Miraculous Tornado Before/After Photos. I’m always amazed by the resilience of Americans, willing to rebuild, start over, after a devastating tornado.

Upper left photo credit: “This photo combo shows a view of Main Street in Greensburg, Kan., a few days after the town was leveled by a tornado on May 4, 2007, top, and what it looks like on May 1, 2012, bottom. (AP Photo/The Wichita Eagle, Travis Heying).”

Upper right photo credit: “This photo combo shows an area of Greensburg, Kan., a few days after the town was leveled by a May 4, 2007 tornado, top, and what it looks like on May 1, 2012, bottom. (AP Photo/The Wichita Eagle, Travis Heying).”

Worst. Airline. Ever. Again. I’m feeling even better about flying Delta these days. Here’s a snippet of an article at portfolio.com: “A Seat 2B column on the dreadful state of United Airlines in 2008 cribbed a line from The Simpsons for its headline: “Worst. Airline. Ever.” Four years later, there’s ample reason to revive the line and dub the United Airlines of 2012 “Worst. Airline. Ever. Again.” Two years to the day after it announced its merger with Continental Airlines, United is lagging its competitors among the legacy carriers by most any financial measure or service metric. The airline’s fractured employee groups are unhappy, and C-suite executives are bolting. Many of its best and most profitable customers are in open revolt, and average travelers are filling United’s Facebook page with tales of woe. The airline’s management seems alternately clueless and arrogant and unwilling or unable to fix what’s gone awry.”

Inside The First Production-Ready Electric Airplane. Here’s an interesting article at popsci.com: “Engineers have historically faced two obstacles when designing electric aircraft. Batteries that run the electric motors have been too heavy and not energy-dense enough to provide sufficient power. And the consequences of failure were too high: Running out of power would all but assure a crash landing. But in the past several years, says Paul Peterson, the founder and CEO of the Portland, Oregon, aeronautics company Volta Volare, off-the-shelf electric-car batteries and motors have become light, powerful and efficient enough to make electric—or at least hybrid—flight viable. This spring, Volta Volare will begin testing its four-passenger GT4. Constructed around a standard airframe, the plane runs on a hybrid powertrain similar to the one in the Chevrolet Volt, with batteries plus a backup gasoline engine.”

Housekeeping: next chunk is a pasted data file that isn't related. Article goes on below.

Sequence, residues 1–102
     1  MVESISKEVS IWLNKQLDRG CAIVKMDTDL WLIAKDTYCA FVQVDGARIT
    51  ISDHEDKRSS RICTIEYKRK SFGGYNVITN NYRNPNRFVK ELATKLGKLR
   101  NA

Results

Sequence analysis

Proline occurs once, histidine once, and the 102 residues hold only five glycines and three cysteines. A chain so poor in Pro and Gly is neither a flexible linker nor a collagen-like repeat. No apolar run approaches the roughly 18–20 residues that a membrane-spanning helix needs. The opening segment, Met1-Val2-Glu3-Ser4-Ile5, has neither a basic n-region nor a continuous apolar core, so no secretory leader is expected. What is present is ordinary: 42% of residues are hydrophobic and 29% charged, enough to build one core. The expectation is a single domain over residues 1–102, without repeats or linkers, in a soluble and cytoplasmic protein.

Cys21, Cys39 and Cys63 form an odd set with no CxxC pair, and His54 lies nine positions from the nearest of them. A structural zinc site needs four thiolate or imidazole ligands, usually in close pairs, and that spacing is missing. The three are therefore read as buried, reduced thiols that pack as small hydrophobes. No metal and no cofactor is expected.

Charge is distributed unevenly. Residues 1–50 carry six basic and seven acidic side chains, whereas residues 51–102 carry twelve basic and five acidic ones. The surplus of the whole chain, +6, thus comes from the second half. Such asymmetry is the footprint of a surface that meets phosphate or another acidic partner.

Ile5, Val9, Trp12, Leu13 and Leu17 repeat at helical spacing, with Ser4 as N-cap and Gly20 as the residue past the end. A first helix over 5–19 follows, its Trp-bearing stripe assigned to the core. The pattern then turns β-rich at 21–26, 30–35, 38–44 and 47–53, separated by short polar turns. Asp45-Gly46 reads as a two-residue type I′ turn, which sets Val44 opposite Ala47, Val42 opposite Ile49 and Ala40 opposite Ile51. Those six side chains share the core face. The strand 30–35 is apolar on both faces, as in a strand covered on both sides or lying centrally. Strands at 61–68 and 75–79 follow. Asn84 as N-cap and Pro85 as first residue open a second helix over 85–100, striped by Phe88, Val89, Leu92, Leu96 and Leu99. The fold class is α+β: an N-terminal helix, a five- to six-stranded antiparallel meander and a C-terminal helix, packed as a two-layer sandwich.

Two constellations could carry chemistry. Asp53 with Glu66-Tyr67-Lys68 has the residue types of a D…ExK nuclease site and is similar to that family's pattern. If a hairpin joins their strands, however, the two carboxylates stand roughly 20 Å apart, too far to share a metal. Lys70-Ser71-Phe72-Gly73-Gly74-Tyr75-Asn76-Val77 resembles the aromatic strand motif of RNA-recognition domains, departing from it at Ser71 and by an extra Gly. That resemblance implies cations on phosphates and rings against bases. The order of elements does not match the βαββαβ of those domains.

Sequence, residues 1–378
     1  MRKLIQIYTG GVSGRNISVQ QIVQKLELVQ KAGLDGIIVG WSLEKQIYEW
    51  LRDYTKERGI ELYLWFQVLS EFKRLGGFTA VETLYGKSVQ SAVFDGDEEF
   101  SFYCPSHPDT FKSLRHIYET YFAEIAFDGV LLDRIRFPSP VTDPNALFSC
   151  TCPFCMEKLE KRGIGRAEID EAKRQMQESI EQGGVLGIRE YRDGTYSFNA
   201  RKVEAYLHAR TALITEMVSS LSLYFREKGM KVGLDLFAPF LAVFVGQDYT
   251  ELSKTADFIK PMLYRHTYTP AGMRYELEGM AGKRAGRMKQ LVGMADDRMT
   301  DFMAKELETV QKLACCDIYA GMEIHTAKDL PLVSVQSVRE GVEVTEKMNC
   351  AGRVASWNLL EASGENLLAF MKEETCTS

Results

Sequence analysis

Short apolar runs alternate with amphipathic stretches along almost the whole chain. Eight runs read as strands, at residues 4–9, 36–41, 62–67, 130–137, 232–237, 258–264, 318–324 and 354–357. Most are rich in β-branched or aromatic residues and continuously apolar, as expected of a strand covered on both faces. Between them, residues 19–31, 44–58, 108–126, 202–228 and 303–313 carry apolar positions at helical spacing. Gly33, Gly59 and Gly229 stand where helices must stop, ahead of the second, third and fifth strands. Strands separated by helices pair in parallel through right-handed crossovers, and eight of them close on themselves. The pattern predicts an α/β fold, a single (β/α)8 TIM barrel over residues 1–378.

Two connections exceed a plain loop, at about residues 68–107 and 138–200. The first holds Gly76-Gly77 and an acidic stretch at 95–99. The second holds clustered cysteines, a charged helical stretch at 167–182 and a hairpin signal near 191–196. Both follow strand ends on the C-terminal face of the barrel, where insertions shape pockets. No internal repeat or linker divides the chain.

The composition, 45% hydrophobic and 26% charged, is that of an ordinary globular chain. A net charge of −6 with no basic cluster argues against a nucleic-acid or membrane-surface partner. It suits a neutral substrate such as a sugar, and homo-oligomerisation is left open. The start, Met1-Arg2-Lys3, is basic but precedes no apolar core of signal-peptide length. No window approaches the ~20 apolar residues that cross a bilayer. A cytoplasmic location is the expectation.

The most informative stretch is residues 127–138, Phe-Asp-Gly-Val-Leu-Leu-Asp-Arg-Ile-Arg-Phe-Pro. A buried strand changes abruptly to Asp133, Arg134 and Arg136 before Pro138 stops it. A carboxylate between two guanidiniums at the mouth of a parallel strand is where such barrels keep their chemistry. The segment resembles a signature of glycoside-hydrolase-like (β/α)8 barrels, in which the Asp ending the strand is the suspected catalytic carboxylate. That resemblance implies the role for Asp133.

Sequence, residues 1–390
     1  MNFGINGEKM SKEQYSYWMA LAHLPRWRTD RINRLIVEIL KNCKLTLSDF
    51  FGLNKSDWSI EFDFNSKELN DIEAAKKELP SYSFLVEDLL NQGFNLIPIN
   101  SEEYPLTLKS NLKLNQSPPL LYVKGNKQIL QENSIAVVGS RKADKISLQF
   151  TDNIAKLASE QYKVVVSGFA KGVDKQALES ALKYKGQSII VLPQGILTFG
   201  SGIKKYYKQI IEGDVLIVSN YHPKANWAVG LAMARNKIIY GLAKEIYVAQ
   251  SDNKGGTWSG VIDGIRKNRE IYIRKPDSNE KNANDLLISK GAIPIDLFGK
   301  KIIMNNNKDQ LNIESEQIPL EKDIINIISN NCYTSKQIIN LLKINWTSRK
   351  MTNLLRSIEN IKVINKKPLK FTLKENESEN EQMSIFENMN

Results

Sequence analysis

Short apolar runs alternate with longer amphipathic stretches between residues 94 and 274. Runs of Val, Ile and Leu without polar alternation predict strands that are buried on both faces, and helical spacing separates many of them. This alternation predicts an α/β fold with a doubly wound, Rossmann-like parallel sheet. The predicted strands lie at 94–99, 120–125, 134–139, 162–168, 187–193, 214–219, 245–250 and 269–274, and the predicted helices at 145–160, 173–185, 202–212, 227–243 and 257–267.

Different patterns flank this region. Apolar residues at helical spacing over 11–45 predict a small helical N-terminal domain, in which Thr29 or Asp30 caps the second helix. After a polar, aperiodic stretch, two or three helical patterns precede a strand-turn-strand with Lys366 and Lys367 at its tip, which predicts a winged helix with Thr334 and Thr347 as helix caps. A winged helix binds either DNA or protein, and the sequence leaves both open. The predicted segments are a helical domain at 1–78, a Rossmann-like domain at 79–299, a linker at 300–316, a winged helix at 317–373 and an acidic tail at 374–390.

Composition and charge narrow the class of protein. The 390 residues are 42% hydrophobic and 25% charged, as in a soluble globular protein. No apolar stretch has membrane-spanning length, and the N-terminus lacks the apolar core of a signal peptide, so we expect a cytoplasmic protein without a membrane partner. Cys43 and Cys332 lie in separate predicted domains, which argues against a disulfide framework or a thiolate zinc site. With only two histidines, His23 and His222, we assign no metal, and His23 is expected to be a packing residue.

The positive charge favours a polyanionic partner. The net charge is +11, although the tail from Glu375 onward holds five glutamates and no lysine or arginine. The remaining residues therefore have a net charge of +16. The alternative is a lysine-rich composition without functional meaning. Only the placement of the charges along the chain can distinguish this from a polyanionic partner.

Photo credit above: “Volta Volare GT4 Daniel Schumpert and Jason Briney.”

Flow Concept Turns Wind Into Light With Novel Bamboo Turbine. The rate of innovation on clean-energy options continues to amaze me. Here’s an excerpt from gizmag.com: “Grid-powered street lighting is something that many of us take for granted, but there are parts of the world where electricity is a scarce resource and when the sun goes down, local pedestrian traffic in areas where public lighting is not abundant can all-but cease due to safety concerns. In searching for an inexpensive off-grid solution for places like the Colombian city of Cartagena, designer Alberto Vasquez looked to the wind for help. His Flow concept makes use of readily-available bamboo for the construction of a vertical wind turbine in a similar vein to the Power Flowers concept, but with LED light modules at the end of each blade. As the wind catches the blades, the LEDs light up the walkway beneath.”

Beatings will continue until morale improves.” – anonymous

Blue Sky – Expanding Puddles. The sun was out much of the day over eastern Minnesota and Wisconsin; a line of heavy to severe thunderstorms rumbling across southern Minnesota during the afternoon, dropping a few tornadoes from near Worthington to Kiester. Highs ranged from 68 at St. Cloud to 74 in the Twin Cities, 76 at Eau Claire.


The Joys Of Summer. WeatherNation TV meteorologist Todd Nelson sent me this photo of stop-and-go traffic on I94, at 9:45 pm Friday evening. Isn’t it fun driving up to the cabin? Don’t answer…

Paul’s Conservation Minnesota Outlook for the Twin Cities and all of Minnesota: